I'll shed a tear when it's time to let my cMP go. In fact, I probably won't let it go, but keep it as a render cow or backup/server or something.
     
  9. kartcrg macrumors member

    kartcrg

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    #9
    Well put. I use my cMP for CPU rendering (Keyshot), and the multicore performance per $ is tough to beat.
     
  10. AndreeOnline macrumors 6502

    AndreeOnline

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    #10
    Indeed. With 20500 score in GB4, when thinking about an upgrade to such an old computer, I'd like to see 50-100% increase in performance to experience that nice 'next gen' jump.

    But even to break 30000, while still maintaining good single thread performance—looking at breaking 4500—is not going to be cheap.

    I have a scenario where I'll pick up an old 6.1 Mac Pro with D700s and upgrade the CPU, but they are still asking too much for the used trashcans.
     
  11. kartcrg macrumors member

    kartcrg

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    #11

    Ya I hear ya. I can't justify the price of a 12 core 6,1 for pretty much equivalent performance (I think) with my use cases.

    An HP z with two E5-2683s would give me roughly double the performance for a reasonable amount of $ but I'll take the performanace hit to stay on OS X.

    Just praying Apple gives us something in the next few years or I'm afraid I'll be forced over to windows.. which would really suck.
     
  12. Simon R. macrumors 6502

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    Sep 25, 2006
    #12
    I went from a 6-core 3.33 to a 12-core (2x6) 3.46. Totally different machine. Projects in Logic Pro that would produce hickups and dropouts very often before now ran without a single glitch. So... at least for some applications it will be like night and day.
     
  13. William Payne macrumors 6502

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    #13
    Some software is written to take advantage of dual cpu's some prefer singles. Depends on the software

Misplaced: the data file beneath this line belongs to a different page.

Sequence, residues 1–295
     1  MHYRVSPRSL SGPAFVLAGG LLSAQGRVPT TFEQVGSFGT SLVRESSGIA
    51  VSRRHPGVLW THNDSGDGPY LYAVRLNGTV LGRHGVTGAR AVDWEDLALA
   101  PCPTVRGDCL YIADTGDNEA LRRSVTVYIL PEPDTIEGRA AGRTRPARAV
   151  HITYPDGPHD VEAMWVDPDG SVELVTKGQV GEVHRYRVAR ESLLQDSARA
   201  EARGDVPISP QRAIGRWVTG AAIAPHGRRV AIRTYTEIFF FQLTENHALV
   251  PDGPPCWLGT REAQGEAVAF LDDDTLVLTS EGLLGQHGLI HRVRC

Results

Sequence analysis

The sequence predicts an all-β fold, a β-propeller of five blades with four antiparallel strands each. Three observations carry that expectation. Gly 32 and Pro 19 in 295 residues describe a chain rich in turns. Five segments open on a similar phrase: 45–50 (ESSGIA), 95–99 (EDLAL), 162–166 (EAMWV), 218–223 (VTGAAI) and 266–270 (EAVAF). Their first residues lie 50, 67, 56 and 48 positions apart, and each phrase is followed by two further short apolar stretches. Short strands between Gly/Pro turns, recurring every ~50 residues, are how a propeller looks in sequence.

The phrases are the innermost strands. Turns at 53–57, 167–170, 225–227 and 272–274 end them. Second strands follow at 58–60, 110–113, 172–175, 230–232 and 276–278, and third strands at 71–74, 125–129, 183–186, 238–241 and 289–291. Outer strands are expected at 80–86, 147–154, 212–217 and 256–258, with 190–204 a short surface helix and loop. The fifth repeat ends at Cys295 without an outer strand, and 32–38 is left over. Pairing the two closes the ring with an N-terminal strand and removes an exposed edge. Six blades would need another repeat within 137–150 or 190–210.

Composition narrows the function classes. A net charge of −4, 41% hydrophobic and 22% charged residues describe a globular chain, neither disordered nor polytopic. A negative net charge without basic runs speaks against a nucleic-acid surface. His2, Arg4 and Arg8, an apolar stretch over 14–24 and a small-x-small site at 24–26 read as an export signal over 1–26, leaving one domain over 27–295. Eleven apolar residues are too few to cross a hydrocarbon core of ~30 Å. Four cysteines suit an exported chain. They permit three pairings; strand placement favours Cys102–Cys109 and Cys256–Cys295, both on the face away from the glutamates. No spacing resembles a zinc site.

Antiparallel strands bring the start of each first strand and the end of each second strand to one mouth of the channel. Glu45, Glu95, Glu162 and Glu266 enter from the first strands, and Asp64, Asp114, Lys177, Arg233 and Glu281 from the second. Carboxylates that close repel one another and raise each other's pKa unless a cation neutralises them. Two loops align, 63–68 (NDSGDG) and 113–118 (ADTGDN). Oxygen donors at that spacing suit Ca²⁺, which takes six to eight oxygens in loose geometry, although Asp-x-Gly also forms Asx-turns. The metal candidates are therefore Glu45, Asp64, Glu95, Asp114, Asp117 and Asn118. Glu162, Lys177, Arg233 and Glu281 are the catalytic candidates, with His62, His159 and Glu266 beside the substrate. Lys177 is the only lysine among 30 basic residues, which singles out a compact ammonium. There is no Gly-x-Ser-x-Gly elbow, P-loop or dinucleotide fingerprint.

14. bobbydaz thread starter macrumors regular

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    Jan 24, 2009
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    UK
    #14
    Thanks for the advice. It seems 12 core upgrade is pointless for my needs. But if I upgrade the stock GPU Radeon 5770 to say an AMD R9 280 am I going to see a noticeable difference in Photoshop performance or is it a waste of money? I have 24gb of ram which I could double to 48, but again is that overkill?
     
  15. hwojtek macrumors 6502a

    hwojtek

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    #15
    It doesn't matter if the cores are in a single silicon or two.
     
  16. JimGoshorn macrumors 6502

    JimGoshorn

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    #16
  17. h9826790 macrumors 604

    h9826790

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    #17
    AFAIK, for Photoshop, only few operations can really use GPU to accelerate. The software still mainly CPU single core performance limiting.

    For RAM, usually the more the better. But if you are not working with huge image, 24GB RAM should be more than enough for general photoshop usage. Anyway, you can check activity monitor if the memory pressure still green in colour.
     
  18. hwojtek macrumors 6502a

    hwojtek

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    #18
    No, they emphasize on a well-known fact: adding more and more cores does not make the software work faster in a linear way. The results would be the same if they used a single 20-core CPU.
     
  19. mastermamo macrumors member

    mastermamo

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    #19
    Not worth it. I've worked with Adobe for years and am also a post production and visual effects supervisor and the gains u will get in day to day useage are negligible. However, a dual CPU setup will let u benefit from more RAM slots and THIS is where u will see serious differences in render times, especially in After Effects. For Premiere Pro if u want large performance jumps get a decent GPU with tons of cuda cores and VRAM. I max out the RAM to 64gigs on all my 12 cores and even though they can take up to 96 gigs (OSX) it's too much of a capital
    outlay to go that route. 64 is to me the perfect number especially when working in apps like AE, PP, C4D, , Nuke, Realfkow etc
     
  20. bobbydaz thread starter macrumors regular

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    #20